Word embedding has been an important building block of many deep learning models for NLP tasks. Word embedding encodes information from each word in input text to be processed by deep learning models. Many methods such as word2vec and glove, have been developed to generate word embedding that captures linguistic contexts of words. Recent work on word embedding involves refining (retrofit) learned word embedding to external information such as semantic lexicons (Faruqui et al., 2015) and knowledge graph (Lengerich et al., 2018).
Traditionally, word embedding vectors are pre-trained using shallow neural network on language modeling task. Using large general purpose corpora such as wikipedia or Google news, one can learn good embedding vectors to be used for many NLP tasks. In 2018, we see more efforts in exploiting contextual information in deep neural network, and thus the word representations are derived from multiple layer in deep networks. OpenAi GPT (Radford et al., 2018), ELMo (Peters et al., 2018), and BERT (Devlin et al., 2018) show deep contextual representations give large improvement on broad range of NLP tasks.
Jay Alammar has a great blog post in explaining deep contextual representations. I highly recommend to read his post to better understand this concept.
4. Information Extraction for Scientific Literature
With constant increase of scientific papers being published every day, there are growing needs of a scientific knowledge discovery tool. Information extraction from scientific papers becomes an important application of natural language technology. Meta, a scientific discovery tool for biomedical research, extracts various medical concepts, and makes them available to search and follow. Allen AI team behind SemanticScholar develops a scalable system to construct literature graph in order to facilitate algoritmic discovery in the scientific literature (Ammar et al., 2018). SemEval 2018 also has one track for this task. SciIE (Luan et al., 2018) employs multitask approach for identifying entities, relations, and coreference in scientific papers.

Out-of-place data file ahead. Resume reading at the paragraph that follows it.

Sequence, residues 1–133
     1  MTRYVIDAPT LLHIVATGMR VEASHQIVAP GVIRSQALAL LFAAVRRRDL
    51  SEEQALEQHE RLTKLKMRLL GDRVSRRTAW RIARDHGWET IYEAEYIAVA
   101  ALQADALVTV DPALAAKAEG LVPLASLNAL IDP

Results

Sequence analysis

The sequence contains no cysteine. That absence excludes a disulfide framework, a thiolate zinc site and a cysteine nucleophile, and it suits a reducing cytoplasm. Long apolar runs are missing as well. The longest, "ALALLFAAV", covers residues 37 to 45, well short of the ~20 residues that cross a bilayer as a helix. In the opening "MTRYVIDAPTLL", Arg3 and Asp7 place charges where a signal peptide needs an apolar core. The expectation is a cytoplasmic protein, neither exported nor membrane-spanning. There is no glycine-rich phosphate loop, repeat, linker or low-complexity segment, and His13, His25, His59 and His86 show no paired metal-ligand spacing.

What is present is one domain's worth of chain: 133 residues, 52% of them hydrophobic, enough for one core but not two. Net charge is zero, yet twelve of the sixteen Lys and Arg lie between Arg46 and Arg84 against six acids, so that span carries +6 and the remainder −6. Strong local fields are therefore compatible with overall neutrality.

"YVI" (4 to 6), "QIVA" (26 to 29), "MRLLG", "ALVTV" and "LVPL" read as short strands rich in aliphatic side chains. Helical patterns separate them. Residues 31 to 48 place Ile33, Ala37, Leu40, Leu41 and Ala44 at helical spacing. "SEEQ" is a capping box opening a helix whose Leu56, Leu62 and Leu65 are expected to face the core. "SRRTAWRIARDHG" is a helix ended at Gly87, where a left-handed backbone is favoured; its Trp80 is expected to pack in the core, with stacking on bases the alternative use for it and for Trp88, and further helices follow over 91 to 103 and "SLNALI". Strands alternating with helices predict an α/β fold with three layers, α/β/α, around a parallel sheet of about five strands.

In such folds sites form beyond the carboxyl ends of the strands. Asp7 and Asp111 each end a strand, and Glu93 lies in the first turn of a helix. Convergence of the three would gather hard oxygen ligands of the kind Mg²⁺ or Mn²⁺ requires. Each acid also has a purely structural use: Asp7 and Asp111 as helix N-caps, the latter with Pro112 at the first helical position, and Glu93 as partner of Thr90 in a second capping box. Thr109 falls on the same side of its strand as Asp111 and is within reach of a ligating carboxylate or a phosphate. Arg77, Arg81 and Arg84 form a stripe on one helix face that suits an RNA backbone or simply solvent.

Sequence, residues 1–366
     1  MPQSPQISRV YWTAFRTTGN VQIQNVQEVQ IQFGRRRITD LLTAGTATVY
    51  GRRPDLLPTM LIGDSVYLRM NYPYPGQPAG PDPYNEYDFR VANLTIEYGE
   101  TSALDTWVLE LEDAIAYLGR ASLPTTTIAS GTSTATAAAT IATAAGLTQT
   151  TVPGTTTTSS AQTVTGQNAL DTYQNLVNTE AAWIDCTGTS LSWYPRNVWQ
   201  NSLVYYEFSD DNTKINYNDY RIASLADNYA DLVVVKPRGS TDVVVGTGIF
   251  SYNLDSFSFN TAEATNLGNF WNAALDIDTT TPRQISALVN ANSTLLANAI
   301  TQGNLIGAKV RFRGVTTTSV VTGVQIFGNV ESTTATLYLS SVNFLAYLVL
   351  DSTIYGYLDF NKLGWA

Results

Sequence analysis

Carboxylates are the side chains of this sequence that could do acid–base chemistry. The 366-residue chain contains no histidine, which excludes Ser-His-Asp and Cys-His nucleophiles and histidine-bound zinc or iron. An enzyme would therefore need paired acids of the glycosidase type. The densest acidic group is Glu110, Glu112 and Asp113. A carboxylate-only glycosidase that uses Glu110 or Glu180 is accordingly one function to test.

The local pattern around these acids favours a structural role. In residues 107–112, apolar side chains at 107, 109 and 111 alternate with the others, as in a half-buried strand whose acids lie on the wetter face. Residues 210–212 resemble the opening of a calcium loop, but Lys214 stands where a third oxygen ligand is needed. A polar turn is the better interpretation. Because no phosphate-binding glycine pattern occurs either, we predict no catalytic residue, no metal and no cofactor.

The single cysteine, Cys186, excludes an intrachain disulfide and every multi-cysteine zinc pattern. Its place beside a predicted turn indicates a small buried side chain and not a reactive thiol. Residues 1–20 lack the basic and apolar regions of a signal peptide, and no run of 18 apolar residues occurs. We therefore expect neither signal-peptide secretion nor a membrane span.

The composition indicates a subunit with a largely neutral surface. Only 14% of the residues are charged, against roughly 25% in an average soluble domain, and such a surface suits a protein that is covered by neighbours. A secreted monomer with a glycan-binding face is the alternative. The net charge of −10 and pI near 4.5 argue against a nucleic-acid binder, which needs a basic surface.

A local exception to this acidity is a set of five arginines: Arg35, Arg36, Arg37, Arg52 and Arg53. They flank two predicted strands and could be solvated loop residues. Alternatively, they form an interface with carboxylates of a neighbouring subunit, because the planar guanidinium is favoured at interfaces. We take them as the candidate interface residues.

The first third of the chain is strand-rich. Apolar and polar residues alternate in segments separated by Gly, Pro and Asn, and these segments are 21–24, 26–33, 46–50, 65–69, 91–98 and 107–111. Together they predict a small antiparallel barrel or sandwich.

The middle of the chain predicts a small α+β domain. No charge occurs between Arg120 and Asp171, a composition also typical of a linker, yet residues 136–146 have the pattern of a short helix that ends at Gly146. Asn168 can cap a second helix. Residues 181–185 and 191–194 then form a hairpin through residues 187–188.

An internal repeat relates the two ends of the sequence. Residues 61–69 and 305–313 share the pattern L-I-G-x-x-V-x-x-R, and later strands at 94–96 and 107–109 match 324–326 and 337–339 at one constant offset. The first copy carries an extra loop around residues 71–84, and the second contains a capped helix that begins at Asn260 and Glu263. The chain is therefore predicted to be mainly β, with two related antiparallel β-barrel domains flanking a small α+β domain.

In the area of social science, NYU Coleridge Initiative hosts Rich Context Competition which aims to automatically discover research datasets, methods, and fields in social science research publications. The competition finalists (from GESIS, KAIST, Paderborn University, and Allen AI) will be presenting their work in Rich Context Competition Workshop on 15 February 2019. They will webcast the workshop. Register here! 🙂
Another related event in this area, collocated with NAACL 2019 is Extracting Structured Knowledge from Scientific Publications (ESSP) workshop.
5. Datasets, Datasets, and Datasets
We see the birth of more and more datasets for more specific and challenging NLP tasks in 2018. 15 new datasets were presented in EMNLP 2018 alone (Sebastian Ruder summarizes them in his EMNLP 2018 highlight). There are also NLP benchmarks based on established datasets for studying and evaluating NLP models:
- GLUE benchmark (Wang et al., 2018): a benchmark consists of nine sentence- and sentence-pair language understanding tasks, i.e. CoLA, SST-2, MRPC, STS-B, QQP, MNLI, QNLI, RTE, and WNLI.
- decaNLP (McCann et al., 2018): a benchmark for a multitask NLP challenge consisting of question answering, machine translation, summarization, natural language inference, sentiment analysis, semantic role labeling, relation extraction, goal-oriented dialogue, semantic parsing, and commonsense reasoning.
More and more datasets will definitely trigger rapid NLP advancement in solving various NLP tasks. A nice crowdsourcing effort led by Sebastian Ruder to track NLP progress can be seen at nlpprogress.com.
There are some great AI 2018 roundups from various blog posts which inspire me to write this blog post. I highly recommend you to read these posts:
- Google AI’s research efforts in 2018
- Xavier Amatriain’s AI/ML 2018 roundup
- Sebastian Ruder’s 10 exciting ideas of 2018 in NLP
- FAIR highlights at their 5th anniversary in December 2018
- Overview of 14 NLP research highlight in 2018 by Mariya Yao
Looking forward to more exciting 2019.